Categories
advent My poetry Reflections for worship services

poem: God’s Revolution

if you are content now
you will be devastated then

for when the world is flipped upside-down
all your riches will go spilling into space.

a voice cries out in the wilderness
cries out: prepare the way! prepare –
for what? for peace? perhaps, eventually

but first a revolution – woe to you
(to us) who sit too comfortably! for soon
all thrones will be upturned, and those who served
as footstools wear the crown!

(o come, Immanuel! come and turn
the whole world upside down!)

if you are satisfied now
you will be inconsolable then

when all that succeeded in filling you up
is razed to the ground to make way for a table

built of once-rejected stones – the ones
too crooked, too jagged, too small,
too broken to ever be chosen before.

…will those of you (of us) accustomed to
places of honor at the table
accept the humbler seats
when those once trampled underfoot
are seated at its head?


This poem was written by Avery Smith and belongs to them. This is a revised version of a poem included in their volume The Kin(g)dom in the Rubble. Please do not publish it anywhere, or use it in a service, without permission from the author. Reach out to Avery at queerlychristian36@gmail.com for that permission, or just to chat!

About this poem: Many of the Bible’s prophets speak of the End of Days and God’s in-coming Kin(g)dom as a fearsome time indeed for any of us who are comfortable with the status quo. In this poem I follow in their footsteps, and hope to remind myself that even though I belong to several oppressed communities, as a white middle-class US citizen there is much indeed I will “lose” when God transforms the world. Will I be ready? Will I be able to let go of my comfortable seat and embrace the revolution?

For more on these ideas, see this sermon I preached in 2018: “When the Good News Feels Like Bad News” on Amos 7 and Mark 6. Here are a few excerpts from that sermon:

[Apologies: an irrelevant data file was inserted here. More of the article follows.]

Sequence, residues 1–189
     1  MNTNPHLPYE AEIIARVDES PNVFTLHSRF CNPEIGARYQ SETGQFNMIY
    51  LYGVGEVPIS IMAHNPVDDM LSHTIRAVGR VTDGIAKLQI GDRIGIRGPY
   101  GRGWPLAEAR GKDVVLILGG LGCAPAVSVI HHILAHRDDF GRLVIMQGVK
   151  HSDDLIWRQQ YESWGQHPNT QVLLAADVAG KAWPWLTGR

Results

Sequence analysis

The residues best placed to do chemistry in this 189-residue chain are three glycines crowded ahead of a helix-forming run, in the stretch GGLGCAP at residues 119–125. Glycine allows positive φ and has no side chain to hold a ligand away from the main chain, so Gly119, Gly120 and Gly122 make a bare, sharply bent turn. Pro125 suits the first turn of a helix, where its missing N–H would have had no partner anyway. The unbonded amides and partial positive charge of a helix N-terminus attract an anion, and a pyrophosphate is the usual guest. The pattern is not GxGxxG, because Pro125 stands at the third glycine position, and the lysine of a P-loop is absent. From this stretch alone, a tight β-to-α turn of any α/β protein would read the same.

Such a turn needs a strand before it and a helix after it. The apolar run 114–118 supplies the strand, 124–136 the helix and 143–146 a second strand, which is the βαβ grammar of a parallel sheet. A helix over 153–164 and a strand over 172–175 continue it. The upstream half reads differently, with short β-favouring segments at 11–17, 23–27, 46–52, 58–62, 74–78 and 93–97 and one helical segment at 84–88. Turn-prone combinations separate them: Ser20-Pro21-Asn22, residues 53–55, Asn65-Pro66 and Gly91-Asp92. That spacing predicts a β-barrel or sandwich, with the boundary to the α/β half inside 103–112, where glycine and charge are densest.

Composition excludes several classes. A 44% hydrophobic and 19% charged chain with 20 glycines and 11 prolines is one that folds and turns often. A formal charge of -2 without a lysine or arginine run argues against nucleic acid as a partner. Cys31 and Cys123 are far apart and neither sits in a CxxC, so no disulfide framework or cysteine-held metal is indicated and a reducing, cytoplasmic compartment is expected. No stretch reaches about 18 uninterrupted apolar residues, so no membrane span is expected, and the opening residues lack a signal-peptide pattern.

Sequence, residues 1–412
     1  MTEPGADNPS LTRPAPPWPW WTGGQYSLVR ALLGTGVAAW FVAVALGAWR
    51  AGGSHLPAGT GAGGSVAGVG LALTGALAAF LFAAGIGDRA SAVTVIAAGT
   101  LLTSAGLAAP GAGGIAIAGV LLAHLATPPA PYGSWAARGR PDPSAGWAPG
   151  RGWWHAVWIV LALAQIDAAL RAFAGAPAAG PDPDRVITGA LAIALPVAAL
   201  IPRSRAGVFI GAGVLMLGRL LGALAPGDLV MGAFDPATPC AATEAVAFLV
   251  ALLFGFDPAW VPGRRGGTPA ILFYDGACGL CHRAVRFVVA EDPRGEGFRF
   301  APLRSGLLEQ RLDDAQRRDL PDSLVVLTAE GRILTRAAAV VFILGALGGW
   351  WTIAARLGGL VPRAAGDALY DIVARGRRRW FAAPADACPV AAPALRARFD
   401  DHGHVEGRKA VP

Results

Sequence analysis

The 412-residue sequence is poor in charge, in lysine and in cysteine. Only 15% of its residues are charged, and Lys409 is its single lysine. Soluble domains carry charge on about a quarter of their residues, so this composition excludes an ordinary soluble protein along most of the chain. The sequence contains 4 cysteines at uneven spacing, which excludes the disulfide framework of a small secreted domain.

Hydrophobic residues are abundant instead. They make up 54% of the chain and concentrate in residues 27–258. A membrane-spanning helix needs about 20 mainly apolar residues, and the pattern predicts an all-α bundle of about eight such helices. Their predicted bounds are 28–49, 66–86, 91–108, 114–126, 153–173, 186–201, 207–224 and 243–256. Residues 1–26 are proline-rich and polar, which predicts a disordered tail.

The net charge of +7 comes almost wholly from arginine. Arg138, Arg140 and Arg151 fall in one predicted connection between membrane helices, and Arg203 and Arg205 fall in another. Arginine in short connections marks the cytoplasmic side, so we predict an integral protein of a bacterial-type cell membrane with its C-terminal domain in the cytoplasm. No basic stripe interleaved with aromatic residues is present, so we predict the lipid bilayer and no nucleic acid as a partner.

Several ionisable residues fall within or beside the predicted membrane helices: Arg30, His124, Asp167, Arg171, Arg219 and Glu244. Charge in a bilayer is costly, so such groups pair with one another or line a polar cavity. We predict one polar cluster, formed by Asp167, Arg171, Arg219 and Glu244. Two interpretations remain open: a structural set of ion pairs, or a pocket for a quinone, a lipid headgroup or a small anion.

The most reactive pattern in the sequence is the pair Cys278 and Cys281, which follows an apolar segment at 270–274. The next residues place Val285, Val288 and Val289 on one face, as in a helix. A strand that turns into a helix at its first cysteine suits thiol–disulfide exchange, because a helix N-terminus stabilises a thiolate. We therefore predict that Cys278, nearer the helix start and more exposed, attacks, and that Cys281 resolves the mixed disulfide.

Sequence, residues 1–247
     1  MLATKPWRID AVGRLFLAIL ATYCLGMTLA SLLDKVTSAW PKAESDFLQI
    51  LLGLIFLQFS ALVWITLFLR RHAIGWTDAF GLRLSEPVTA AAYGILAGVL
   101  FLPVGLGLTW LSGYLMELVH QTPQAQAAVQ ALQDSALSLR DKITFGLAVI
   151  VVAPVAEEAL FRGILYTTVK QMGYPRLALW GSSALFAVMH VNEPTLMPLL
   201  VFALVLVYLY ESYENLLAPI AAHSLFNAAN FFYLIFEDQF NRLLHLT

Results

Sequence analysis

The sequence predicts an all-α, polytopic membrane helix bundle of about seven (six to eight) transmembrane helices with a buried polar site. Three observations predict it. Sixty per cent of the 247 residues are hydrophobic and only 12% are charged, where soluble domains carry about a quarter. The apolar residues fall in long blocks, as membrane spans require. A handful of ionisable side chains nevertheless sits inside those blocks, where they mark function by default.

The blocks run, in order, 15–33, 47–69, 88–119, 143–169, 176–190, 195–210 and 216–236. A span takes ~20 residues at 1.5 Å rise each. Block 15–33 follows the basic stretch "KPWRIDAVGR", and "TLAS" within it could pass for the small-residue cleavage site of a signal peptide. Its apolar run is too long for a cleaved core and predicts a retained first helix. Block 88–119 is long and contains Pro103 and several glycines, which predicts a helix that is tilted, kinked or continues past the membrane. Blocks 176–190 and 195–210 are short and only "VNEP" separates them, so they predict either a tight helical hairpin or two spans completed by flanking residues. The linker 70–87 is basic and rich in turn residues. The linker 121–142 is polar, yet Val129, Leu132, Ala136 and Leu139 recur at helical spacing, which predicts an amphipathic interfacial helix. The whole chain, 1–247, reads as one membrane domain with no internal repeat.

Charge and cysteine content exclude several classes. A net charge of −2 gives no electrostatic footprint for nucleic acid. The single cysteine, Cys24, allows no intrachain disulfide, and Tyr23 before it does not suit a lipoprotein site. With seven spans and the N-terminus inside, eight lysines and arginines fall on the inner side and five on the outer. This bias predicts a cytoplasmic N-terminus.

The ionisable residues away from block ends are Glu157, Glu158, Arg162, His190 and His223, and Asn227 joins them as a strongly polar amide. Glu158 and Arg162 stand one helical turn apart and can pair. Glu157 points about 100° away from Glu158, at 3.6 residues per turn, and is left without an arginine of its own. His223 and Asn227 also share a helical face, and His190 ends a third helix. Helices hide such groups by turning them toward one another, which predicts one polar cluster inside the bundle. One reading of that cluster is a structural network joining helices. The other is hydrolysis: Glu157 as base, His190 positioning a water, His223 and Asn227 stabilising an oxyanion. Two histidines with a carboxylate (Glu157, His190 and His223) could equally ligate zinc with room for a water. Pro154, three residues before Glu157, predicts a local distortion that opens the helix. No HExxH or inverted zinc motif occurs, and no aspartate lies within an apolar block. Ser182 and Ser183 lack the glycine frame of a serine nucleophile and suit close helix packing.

“But it turns out that always being accepted, always being liked, is not what following Jesus, what sharing God’s news for the world, is all about. Because sometimes, sharing God’s news for the world comes as bad news for the people who have to hear it, ourselves included. And no one likes the bearer of bad news. …”

“There’s no denying the similarities between our society and the one God called Amos to prophesy against: we too have gross income inequality, the mistreatment of immigrants, refugees, and other vulnerable people, the worship of money at the expense of the marginalized…

Our fancy homes and all we have in them, our malls and factories, all razed to the ground to make way for a system that does not exploit the poor?

In theory, sure, I like the idea of no one being exploited…but does it have to mean I must sacrifice some of my favorite luxuries? Must there be chaos, must there be destruction of the old, to bring in this new world of justice?

When we are at the top of the social ladder, when we are the ones benefiting from other people’s suffering, God’s good news about the world flipping upside down sounds a lot like bad news.”

Categories
Call to worship Liturgy

Call to worship and opening prayer: God the sower who invites our partnership

Beloved community, we gather to worship the God who invites us to join Them in creating a new world.

When our souls are trampled on, made too hard to bear fruit,
Let us gather.

When our hearts exclaim over God’s word for a moment,
but never break open to let it sink in,
Let us gather.

When the cares of the world prick at and stifle our spirits like thorns,
leaving no room for joy or hope, no time for kindness or compassion,
Let us gather. 

And when God comes, heals, cultivates in us hearts soft enough to receive, to nurture, to blossom,
Let us gather to worship our Creator, our Redeemer, the Breath within our lungs.


OPENING PRAYER

God of Life in all its seasons,
you are the Sower who softens us like soil,
slowly but surely, so that your Word may sprout in us. 

You are the source of the water, the sun, the air 
that sustain our being and unite us with all living things. 

You are the Wind that stirs our stagnation,
who takes us by the hands and pulls us into action,
inviting us to be co-laborers in the hard harvest work
as your Kin(g)dom takes root, grows, and blossoms across the world.

We come to worship
you who guide all Creation into flourishing.


I wrote this for a service with a central theme of imagination, and how God’s gift of imagination can help us envision and enact a better world, a world liberated from oppressive binary and hierarchical structures like cishetero-patriarchy and white supremacy. My sermon’s text was Genesis 25:19-34 and explored the relationship between Jacob – with his marginalizing identities who assimilates into patriarchy – and Esau with his privilege who eventually seeks out reconciliation with his brother. You can read or watch the sermon here.

While the Genesis text was my sermon focus, I wanted to fit the lectionary’s Gospel reading into my liturgy. That reading was Matthew 13:1-9, 18-23, the Parable of the Sower – hence references to God as sower in the liturgy above.